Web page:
It's a long story filled with her inappropriate and sometimes bizarre marketing tactics:
"The vault is the most important purchase you will make. You can have it painted to match the casket"
Um, isn't this going under the ground?
"We keep a thumbprint on file in case you wish to order something from our jewelry line"
Now that is just creepy.
I know this is a public blog, but I need to vent.
Because today she called me and left a message wishing me a happy mother's day.
She said how much she enjoyed getting to know us.
And that my mother's death certificates were ready to be picked up any time. She would be in between 11 and 4.
I was not planning to speak at Mom's funeral. Sunday morning I awoke at 3 am and knew the words were coming to me so I quickly wrote them down. Here is what I shared:
Mom was not a list maker. She never saw a need for it. Several times we tried to supply her with 3 x 5index cards and working pens but she never saw a need for them Why waste time writing out when she already knew what had to be done—she would rather be doing than planning. Her calendar only noted important things like planting dates and the date the bull was put in with the cows. Oh yes, that was a red letter day. For all concerned.
There was nothing Mom enjoyed more than a good letter. It was right up there with having a cup of coffee delivered to her bed each morning and listening to the opening markets on the Linder Farm Network.
She was part of the generation who relied on letters to keep up to date with family news.. Of course the letters, especially from her dear sisters, had to include at least one Ole and Lena joke and heavy use of the expression HA exclamation point. This was before LOL. Whenever she finished reading them, she always said, “She writes such a good letter.”
When we started going to Florida, Kent began the tradition of mailing addressed and stamped envelopes to many family members. She eagerly awaited our return from the daily trip to the post office with the “postal catch of the day.” We would read each of them aloud and hear about everyone’s weather, catch up on the news and enjoy a few Ole and Lena jokes. And we would all say, “She writes such a good letter.”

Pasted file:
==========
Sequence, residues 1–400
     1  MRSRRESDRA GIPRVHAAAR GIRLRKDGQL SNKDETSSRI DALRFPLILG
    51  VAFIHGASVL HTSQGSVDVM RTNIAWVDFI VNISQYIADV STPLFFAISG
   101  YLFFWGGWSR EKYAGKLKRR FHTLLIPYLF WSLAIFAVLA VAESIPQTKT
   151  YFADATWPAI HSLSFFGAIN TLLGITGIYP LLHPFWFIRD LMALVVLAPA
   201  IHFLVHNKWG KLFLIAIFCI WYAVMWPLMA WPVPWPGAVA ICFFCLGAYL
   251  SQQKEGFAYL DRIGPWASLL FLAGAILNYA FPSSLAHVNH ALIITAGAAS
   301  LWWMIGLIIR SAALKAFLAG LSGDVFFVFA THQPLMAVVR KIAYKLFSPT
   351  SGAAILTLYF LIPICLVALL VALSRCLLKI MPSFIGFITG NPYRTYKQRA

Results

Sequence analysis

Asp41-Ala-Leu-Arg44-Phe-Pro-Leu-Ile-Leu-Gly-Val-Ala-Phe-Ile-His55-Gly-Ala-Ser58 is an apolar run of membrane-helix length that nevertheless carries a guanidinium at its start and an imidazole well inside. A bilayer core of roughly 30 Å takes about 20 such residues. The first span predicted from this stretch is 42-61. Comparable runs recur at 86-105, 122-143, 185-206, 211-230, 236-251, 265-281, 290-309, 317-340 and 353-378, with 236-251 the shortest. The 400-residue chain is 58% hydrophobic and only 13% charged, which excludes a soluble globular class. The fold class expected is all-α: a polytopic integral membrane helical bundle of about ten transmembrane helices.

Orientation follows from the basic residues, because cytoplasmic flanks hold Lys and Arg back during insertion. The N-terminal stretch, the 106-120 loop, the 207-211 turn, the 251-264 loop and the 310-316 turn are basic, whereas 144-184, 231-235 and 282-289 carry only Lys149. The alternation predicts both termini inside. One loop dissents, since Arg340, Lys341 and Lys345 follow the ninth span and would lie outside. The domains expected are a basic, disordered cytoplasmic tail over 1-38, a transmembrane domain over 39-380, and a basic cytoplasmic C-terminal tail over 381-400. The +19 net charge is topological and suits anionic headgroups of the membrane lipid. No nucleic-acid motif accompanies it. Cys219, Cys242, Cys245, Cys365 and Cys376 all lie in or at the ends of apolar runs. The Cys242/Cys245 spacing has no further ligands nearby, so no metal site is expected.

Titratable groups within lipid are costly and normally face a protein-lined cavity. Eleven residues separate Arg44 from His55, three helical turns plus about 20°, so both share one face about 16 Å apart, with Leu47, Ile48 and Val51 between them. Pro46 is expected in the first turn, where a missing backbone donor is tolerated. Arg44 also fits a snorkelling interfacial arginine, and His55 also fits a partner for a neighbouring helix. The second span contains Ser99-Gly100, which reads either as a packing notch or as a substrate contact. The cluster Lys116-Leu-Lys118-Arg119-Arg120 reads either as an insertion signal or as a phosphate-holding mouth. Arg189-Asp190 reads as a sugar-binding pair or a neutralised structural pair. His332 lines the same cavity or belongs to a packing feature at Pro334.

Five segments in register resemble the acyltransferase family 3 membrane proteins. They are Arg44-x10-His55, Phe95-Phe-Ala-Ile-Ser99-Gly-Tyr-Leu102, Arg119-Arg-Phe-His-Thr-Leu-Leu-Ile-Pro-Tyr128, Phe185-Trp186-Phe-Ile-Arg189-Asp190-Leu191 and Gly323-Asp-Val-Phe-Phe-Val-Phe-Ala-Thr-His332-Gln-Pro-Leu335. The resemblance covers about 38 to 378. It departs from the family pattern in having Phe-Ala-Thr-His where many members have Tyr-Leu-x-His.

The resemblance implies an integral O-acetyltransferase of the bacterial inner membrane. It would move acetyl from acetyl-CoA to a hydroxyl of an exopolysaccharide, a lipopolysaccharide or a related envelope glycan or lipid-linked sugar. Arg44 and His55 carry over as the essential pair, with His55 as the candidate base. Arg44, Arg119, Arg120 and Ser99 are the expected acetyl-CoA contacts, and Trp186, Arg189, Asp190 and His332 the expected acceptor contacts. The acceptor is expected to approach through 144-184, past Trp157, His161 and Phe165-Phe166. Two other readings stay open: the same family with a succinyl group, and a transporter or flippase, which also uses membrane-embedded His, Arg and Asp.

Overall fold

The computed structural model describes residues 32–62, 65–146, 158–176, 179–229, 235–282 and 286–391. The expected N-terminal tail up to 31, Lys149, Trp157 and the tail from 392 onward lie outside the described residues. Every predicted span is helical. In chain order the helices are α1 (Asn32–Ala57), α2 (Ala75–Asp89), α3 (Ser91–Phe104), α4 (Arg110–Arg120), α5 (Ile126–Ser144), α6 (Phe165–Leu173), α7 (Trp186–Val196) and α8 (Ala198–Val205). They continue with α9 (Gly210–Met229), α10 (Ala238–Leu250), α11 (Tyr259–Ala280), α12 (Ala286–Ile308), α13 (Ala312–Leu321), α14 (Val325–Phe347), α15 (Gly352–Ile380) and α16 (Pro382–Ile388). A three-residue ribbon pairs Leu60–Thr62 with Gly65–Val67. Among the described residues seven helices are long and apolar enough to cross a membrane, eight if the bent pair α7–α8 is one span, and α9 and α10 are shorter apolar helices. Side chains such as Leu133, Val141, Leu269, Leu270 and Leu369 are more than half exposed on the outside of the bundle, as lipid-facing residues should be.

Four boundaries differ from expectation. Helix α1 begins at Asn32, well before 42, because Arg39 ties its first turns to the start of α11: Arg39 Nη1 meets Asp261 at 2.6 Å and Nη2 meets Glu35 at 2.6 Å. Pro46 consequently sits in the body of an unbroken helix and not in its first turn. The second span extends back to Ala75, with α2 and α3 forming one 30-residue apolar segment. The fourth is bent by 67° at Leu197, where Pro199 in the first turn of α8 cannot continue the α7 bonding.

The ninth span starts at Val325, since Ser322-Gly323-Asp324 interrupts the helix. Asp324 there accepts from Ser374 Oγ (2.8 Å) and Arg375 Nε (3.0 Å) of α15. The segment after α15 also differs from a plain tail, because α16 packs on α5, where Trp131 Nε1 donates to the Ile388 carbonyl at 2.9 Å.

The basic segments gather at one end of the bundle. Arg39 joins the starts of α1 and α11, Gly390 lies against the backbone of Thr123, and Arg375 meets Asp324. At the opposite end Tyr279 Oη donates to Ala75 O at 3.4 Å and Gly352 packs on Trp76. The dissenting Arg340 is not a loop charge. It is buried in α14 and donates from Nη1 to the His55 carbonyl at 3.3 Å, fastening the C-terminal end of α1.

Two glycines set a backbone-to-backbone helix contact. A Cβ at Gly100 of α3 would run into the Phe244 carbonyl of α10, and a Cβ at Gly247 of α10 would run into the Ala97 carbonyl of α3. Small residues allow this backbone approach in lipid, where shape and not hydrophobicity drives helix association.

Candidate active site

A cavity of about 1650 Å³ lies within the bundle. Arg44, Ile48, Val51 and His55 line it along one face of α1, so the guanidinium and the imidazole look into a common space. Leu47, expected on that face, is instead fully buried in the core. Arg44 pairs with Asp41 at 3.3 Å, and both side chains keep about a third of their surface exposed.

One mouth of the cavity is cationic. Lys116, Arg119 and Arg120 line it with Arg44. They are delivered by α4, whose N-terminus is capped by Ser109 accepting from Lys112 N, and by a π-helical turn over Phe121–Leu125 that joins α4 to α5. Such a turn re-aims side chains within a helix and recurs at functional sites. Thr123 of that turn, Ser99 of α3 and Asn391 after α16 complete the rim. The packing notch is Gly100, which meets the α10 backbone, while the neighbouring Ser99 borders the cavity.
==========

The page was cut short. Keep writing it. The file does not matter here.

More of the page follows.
One of my best memories of Mom will be the time we spent together reading or doing crossword puzzles. My mother in law Louise also read to her by the hour and often joked that sometimes they’d get side-tracked by Mom’s reminiscing. Those days together with both our moms are now more precious than ever.
As many of you know, Mom loved to be outdoors and was never happier than when the first leaves of her early garden emerged from the soil. She continued the hard work into the raw fall days until the last of the potatoes were dug and several wagon loads of squash were hauled out.
Another of Mom’s gifts was her ability to prepare and serve delicious, substantial meals usually accompanied with homemade bread and jam to anyone and everyone lucky enough to find a seat at her table.
Just Saturday night, I arrived home to a house filled with family. Gathered around the island in my kitchen were many of her grandchildren preparing dinner. The food was some of the best I’ve ever eaten. But more importantly was how they all said how much fun they had doing it. Food and laughter—just like Mom’s kitchen.
Mom’s legacy may not have been made up of costly goods but rather in knowledge of the importance of simple things, splurging once in awhile because as she always said, “I don’t go to shows” and loving her family unconditionally and eternally.